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October 23 2014


Guest Contributor,

While there are many different withdrawal symptoms that can accompany efforts to quit smoking, one of the most common problems quitting hopefuls experience is constipation. Because the body develops a chemical dependency while smoking, those who seek escape from the addiction of smoking can endure symptoms that occur as a result of those chemicals being removed from the body.

The intestines, in particular, become dependent on the chemicals in cigarettes and their operation becomes interrupted during withdrawal. As the body becomes used to operating in a certain manner, with the aid of various chemicals included in cigarettes, taking that product out of the equation will result in a body that must retrain itself to perform certain actions and regain regularity.

In addition to constipation, the stomach and intestine may experience other uncomfortable issues, such as cramps or nausea, that will eventually improve as the body readjusts to functioning without the chemicals in cigarettes. Nicotine acts as a stimulant to the intestinal portion of the body, thus the sudden lack of nicotine in the body results in constipation.

Irregularity Solutions

Though time is one major factor contributing to the improvement of irregularity after smoking is discontinued, there are some simple and natural solutions that can be helpful as former smokers progress through withdrawal symptoms associated with quitting smoking. Irregularity can last as long as a few weeks after smoking is discontinued and can be experienced by as many as one in every six former smokers, according to the U.S. National Library of Medicine National Institutes of Medicine.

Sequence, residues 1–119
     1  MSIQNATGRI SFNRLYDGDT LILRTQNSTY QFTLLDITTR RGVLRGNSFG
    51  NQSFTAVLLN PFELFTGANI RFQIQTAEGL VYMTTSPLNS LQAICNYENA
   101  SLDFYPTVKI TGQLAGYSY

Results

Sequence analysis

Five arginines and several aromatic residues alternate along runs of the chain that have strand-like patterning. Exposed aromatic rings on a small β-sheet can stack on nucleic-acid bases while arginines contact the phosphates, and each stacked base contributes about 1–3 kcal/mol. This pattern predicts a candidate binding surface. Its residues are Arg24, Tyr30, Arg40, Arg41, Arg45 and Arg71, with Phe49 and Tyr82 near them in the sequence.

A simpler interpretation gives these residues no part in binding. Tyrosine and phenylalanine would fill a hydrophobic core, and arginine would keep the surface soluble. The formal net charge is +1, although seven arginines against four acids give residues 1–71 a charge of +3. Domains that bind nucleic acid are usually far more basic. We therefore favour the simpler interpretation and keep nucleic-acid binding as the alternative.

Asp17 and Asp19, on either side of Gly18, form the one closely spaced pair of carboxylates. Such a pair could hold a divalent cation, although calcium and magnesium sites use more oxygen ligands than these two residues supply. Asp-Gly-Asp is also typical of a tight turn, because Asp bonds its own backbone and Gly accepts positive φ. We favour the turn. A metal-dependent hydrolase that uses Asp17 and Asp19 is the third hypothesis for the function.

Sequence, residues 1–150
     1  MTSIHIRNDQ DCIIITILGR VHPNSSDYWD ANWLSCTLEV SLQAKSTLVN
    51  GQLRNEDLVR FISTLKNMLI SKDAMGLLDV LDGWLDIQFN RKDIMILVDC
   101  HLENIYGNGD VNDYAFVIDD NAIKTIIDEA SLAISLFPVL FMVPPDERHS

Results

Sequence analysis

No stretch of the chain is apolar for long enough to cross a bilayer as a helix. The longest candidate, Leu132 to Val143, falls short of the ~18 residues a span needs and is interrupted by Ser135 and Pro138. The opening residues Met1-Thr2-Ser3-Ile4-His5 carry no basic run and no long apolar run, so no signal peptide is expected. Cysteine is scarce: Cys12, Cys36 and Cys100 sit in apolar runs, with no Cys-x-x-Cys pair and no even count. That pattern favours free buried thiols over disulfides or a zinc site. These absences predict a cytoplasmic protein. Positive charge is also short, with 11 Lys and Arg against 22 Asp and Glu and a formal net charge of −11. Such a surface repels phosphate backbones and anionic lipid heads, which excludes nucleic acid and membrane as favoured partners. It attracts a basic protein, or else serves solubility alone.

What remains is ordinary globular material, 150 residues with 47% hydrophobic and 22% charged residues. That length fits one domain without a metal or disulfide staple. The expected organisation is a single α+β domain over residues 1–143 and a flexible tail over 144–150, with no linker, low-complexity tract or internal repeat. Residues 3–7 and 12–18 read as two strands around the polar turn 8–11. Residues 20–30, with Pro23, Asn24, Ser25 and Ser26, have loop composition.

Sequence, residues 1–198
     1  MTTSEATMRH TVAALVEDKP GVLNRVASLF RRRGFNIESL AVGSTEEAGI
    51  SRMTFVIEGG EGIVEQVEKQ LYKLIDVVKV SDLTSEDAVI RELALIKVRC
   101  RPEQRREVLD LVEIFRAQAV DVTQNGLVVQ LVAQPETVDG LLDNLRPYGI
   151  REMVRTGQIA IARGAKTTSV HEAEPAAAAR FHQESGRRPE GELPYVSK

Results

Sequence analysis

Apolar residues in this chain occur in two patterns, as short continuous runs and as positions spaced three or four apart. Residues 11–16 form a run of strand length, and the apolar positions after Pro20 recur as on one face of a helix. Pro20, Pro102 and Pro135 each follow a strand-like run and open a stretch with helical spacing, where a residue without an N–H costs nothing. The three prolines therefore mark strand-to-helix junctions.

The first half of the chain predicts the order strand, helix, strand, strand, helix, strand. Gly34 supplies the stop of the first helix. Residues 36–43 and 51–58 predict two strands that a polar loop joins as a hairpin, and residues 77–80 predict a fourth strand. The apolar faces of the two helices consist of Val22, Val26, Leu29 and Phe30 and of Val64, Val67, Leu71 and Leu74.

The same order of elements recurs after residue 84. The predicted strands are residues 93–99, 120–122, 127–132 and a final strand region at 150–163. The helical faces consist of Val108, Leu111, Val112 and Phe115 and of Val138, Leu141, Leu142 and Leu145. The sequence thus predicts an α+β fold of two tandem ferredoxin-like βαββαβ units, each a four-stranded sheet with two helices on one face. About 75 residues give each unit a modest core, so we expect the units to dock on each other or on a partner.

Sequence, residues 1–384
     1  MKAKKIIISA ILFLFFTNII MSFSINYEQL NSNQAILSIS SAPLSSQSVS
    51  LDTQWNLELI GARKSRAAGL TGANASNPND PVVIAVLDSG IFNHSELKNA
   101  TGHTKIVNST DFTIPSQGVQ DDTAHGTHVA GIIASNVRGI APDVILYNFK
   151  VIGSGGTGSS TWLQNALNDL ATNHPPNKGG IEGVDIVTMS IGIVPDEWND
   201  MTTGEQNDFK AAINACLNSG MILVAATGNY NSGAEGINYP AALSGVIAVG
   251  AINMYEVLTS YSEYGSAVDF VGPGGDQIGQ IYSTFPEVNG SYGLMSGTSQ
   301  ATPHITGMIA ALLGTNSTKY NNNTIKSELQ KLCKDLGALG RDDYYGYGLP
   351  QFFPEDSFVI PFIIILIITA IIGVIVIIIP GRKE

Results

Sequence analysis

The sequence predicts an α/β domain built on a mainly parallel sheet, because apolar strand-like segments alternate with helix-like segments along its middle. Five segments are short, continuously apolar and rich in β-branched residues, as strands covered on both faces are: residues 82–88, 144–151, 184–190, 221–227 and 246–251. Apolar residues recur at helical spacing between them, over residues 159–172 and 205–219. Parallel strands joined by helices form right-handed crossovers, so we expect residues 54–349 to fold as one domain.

Paying close attention to one’s diet once the decision to quit smoking is made and after steps have been taken to actually quit, can be a powerful way to combat the constipation that many endure. Fiber-rich foods, such as fruits and vegetables, are a great way to insure that the body can function as normal, even as it withdraws from the exclusion of nicotine. Another vital aspect of combating irregularity after quitting smoking is consuming a lot of water. Drinking at least eight, 8 ounce glasses of water a day can help the digestive system function more easily, preventing constipation and aiding the metabolism even during periods of withdrawal.

Despite the focus that former smokers must place on their diet and liquid consumptions, including exercise in one’s routine can be a helpful aspect of continuing the healthy lifestyle that a former smoker may be attempting to adopt. Exercise can be a great way to combat constipation as well as other mental and physical withdrawal symptoms that can occur as a person quits smoking. For some, taking a fiber supplement or a gentle herbal and mineral laxative can be a helpful addition during the first few weeks of withdrawal.

While there are many uncomfortable withdrawal symptoms that occur after one gives up smoking, getting through the first 2 to 6 weeks of symptoms can result in a healthier body that is less dependent on cigarettes and nicotine to function regularly. Time and healthy diet choices can help train the body to rely on nutritious stimulants to perform necessary functions and become increasingly regular.


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